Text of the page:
By Renewable Energy Focus staff
The 1:5 scale prototype has a 29 m tower, which is constructed a bit like a floating bottle with most of the weight at the bottom moving the centre of gravity some distance below the surface. Above surface, the tower measures 13 m. The structure weighs 22 tonnes.
The prototype’s rotor diameter is 13 m, and it is designed so that the whole tower and turbine swivel according to the wind direction.
The offshore wind turbine is a downwind structure and the tower is reinforced by a tension rod system on the upwind side giving “significant steel weight reduction compared to other floating technologies,” according to SWAY. This could in turn lead to a cost of energy equal to that of existing offshore wind turbines in shallow water.
SWAY’s CEO, Michael Forland, says: “This is a final test of the principles of our technology. The focus will [be] to test and prove the advanced control system and the patented yaw-mechanism.”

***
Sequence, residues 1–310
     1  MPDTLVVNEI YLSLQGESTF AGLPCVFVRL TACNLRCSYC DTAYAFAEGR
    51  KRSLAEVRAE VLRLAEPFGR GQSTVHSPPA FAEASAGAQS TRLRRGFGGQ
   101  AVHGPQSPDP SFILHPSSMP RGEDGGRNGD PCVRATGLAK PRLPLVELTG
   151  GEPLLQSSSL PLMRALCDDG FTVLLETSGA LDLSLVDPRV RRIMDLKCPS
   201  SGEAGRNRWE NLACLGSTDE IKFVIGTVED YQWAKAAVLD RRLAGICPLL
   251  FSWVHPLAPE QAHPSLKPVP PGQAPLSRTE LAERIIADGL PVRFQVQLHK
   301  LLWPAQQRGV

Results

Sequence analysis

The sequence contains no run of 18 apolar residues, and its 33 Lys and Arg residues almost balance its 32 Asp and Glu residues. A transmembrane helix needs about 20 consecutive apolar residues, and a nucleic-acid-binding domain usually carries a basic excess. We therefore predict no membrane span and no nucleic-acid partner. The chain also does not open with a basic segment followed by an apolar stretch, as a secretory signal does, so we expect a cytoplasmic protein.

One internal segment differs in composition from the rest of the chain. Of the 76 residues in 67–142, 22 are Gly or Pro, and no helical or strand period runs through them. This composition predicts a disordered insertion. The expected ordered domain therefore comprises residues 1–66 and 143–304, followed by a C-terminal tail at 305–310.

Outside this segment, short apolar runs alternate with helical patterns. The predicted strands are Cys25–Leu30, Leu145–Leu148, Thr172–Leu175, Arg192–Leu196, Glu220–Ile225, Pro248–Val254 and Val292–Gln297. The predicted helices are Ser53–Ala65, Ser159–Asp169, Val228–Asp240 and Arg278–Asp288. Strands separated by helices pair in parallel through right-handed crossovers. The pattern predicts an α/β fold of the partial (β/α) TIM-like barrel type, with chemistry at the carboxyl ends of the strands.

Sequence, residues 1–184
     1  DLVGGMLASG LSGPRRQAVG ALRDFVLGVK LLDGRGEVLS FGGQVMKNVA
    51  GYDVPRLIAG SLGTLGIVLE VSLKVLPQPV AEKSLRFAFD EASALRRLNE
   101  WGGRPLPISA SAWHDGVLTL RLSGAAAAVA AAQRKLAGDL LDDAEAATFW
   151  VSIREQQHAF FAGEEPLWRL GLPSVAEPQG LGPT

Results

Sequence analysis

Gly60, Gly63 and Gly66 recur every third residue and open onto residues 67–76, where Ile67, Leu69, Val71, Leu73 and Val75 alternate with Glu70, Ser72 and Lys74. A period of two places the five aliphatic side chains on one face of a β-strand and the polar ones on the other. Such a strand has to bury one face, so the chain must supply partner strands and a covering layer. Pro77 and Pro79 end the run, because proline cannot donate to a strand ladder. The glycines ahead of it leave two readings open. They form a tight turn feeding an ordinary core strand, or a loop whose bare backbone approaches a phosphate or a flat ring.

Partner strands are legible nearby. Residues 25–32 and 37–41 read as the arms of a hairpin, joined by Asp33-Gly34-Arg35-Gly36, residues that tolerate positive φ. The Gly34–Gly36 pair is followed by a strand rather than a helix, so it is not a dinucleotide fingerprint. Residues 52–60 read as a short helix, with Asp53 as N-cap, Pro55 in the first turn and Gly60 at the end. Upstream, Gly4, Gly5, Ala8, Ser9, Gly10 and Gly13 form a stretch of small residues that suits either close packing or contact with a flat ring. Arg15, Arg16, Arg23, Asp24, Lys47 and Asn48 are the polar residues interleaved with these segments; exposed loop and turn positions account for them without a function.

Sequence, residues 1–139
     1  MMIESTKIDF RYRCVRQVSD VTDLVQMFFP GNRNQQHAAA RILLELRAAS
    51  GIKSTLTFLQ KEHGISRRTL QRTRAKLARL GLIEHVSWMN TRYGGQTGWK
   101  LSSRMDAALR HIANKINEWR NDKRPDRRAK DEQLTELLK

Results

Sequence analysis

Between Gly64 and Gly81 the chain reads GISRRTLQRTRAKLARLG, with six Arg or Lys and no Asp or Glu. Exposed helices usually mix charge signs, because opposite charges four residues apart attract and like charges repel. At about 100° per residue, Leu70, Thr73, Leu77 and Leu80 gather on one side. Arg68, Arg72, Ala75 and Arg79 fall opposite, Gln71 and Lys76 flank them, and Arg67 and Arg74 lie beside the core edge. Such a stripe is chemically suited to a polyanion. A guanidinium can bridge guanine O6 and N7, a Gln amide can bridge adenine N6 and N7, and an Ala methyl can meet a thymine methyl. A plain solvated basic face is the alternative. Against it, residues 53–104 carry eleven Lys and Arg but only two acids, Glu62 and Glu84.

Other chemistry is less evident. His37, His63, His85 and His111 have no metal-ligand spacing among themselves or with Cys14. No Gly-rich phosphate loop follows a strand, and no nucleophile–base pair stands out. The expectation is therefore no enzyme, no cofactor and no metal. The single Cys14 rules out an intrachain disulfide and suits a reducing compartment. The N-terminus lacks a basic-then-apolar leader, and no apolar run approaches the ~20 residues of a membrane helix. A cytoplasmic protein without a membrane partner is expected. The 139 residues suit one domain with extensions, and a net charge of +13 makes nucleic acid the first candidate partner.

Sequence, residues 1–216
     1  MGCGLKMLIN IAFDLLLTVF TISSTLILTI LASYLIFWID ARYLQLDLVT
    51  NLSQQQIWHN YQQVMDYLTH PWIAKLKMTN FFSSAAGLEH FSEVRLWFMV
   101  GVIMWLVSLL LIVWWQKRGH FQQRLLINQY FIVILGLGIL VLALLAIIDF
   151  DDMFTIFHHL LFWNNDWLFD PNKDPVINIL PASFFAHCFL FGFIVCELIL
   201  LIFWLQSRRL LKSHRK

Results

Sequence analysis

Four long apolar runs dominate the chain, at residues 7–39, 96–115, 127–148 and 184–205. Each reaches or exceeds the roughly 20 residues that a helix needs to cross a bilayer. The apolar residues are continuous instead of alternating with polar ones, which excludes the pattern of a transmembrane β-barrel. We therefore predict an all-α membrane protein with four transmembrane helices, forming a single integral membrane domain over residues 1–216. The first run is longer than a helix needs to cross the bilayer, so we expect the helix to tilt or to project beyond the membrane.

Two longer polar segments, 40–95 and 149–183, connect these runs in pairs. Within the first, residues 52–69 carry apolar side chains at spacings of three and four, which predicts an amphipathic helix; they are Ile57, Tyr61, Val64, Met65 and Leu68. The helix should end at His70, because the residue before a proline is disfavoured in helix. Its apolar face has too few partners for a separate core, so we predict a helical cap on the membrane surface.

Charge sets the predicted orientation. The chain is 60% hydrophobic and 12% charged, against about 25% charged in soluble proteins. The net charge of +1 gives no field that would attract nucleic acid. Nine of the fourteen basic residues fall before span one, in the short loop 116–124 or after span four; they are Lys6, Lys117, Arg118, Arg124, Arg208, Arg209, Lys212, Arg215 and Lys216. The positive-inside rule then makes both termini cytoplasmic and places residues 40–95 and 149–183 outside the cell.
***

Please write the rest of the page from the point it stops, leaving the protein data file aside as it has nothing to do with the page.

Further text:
SWAY is currently looking for a financial and industrial partner to bring the offshore wind turbine to the industrialisation stage.
SWAY is targeting markets with deeper waters for its offshore wind technology. Forland says: “The US market is one of the most promising, and SWAY is in the process of establishing a technology partnership with two research institutions in [the] US, [the] Lawrence Livermore National Laboratory and [the] National Renewable Energy Laboratory. We experience great attention for floating wind turbines over there.”